FIG. 7 is an electrical circuit diagram of the second embodiment of the invention, and
FIG. 8 shows waveforms at various points in the circuit of FIG. 7.
The manner in which pacemakers according to the invention control tachycardia will first be described with reference to FIGS. 1(a) to (c). In each of FIGS. 1(a) to (c) three waveforms are shown--an ECG output ("ECG"), the output seen by a detector in the pacemaker responsive to QRS beats ("QRS"), and the stimulating pulses issued by the pacemaker in order to arrest tachycardia ("STIM").
FIG. 1(a) illustrates the situation where the stimulating pulse has been issued too early to arrest tachycardia (i.e. before the "window"). The pacemaker has detected the onset of tachycardia (for details see below) and has issued a stimulating pulse at a time TD from the last QRS beat. TD is too short, the stimulating pulse arises in the absolute refractory period of the heart and this has no effect on the tachycardia. TD needs to be increased to arrest tachycardia.
FIG. 1(b) illustrates the situation where the stimulating pulse has been issued at the correct time (i.e. within the "window"). TD is correct and the tachycardia is arrested.
FIG. 1(c) illustrates the situation where the stimulating pulse has been issued too late (i.e. after the "window"). This causes a paced beat but this will not terminate the tachycardia. This premature beat however resets the tachycardia which continues at its previous rate. The resetting results in an interval to the next R wave shorter than normal. In such a situation TD is too long and needs to be reduced to arrest tachycardia.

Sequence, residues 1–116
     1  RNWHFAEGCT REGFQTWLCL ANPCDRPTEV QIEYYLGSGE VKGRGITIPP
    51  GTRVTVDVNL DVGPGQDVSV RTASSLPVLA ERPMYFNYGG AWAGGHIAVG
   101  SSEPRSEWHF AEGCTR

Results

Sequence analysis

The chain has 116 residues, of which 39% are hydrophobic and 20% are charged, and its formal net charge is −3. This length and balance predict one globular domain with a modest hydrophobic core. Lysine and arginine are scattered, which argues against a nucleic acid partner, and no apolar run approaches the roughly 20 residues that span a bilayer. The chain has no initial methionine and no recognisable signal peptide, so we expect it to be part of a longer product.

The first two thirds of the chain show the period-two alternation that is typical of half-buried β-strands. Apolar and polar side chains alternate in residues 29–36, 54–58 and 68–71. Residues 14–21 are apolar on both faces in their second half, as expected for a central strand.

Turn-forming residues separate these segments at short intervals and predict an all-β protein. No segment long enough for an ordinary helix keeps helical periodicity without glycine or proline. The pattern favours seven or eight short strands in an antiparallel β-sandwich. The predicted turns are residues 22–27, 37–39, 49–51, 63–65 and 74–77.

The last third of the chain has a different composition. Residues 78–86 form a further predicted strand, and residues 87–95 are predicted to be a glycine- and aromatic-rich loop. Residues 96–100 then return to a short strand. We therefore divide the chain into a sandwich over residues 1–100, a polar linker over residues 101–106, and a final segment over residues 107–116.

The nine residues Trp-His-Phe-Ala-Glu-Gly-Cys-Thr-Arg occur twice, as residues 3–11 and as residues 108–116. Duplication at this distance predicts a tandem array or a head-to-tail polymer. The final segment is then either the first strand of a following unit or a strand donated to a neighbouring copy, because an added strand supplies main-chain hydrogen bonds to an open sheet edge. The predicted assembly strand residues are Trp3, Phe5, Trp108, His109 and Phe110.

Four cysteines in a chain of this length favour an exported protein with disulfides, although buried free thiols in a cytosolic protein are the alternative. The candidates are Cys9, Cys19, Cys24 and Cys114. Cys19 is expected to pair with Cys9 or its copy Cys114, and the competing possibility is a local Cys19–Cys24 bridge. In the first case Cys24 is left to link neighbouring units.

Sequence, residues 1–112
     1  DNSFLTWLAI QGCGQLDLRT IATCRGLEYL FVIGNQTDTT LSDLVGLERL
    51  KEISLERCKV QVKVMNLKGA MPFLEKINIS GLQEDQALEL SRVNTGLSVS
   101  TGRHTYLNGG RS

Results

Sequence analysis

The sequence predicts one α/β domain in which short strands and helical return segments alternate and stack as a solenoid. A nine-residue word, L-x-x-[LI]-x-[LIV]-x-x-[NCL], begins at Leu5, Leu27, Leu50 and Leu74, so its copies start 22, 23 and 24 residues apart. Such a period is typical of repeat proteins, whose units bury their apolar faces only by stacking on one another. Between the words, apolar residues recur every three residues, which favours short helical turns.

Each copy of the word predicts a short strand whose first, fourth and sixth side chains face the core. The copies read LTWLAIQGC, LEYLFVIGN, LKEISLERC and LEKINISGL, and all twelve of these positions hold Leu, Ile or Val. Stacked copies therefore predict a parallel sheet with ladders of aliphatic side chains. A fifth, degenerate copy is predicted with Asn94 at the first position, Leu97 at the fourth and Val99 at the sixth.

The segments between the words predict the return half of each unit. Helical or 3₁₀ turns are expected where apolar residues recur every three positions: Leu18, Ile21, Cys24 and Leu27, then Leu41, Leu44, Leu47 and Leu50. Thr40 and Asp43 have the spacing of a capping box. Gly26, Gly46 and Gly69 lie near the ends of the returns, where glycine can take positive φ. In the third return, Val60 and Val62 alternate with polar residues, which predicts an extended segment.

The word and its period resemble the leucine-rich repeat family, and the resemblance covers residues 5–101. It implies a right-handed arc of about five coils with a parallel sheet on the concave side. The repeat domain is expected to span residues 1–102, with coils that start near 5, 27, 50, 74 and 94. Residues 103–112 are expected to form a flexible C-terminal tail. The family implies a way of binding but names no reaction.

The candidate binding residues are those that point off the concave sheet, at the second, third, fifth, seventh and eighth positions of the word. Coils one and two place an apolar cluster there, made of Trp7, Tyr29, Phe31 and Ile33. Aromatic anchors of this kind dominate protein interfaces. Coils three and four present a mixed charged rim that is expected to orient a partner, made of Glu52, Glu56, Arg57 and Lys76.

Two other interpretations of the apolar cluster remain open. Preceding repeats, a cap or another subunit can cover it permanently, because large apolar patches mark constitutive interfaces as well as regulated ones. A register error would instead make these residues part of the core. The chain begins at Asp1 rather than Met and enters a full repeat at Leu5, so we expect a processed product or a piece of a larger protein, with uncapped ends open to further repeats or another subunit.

These different physiological conditions are detected by the pacemaker which subsequently alters TD (if necessary) to ensure termination of tachycardia:
(a) if TD is too early, the pacemaker detects that the stimulating pulse has had no effect on the tachycardia. It then increases TD to place the stimulating pulse within the window.
(b) if TD is correct and the tachycardia is arrested, the pacemaker issues no further stimulating pulses until a fresh tachycardia is detected.
(c) if TD is too late, the pacemaker detects this, for example either by detecting that the stimulating pulse caused a paced beat or by detecting that the R-R interval has been "reset". It then decreases TD to place the stimulating pulse within the window.
TD is progressively increased or decreased successively with each subsequent stimulating pulse issued. until the tachycardia is arrested. Initially TD is preset to a proportion of the RR interval during tachycardia and will commonly be about one half. Such a circumstance provides the most likely result that TD is correct upon the first occurrence of a stimulating pulse, but, if not, it is likely to be close to the window such that normally only one or two further stimulating pulses (at increased or decreased TD as the case may be) are issued.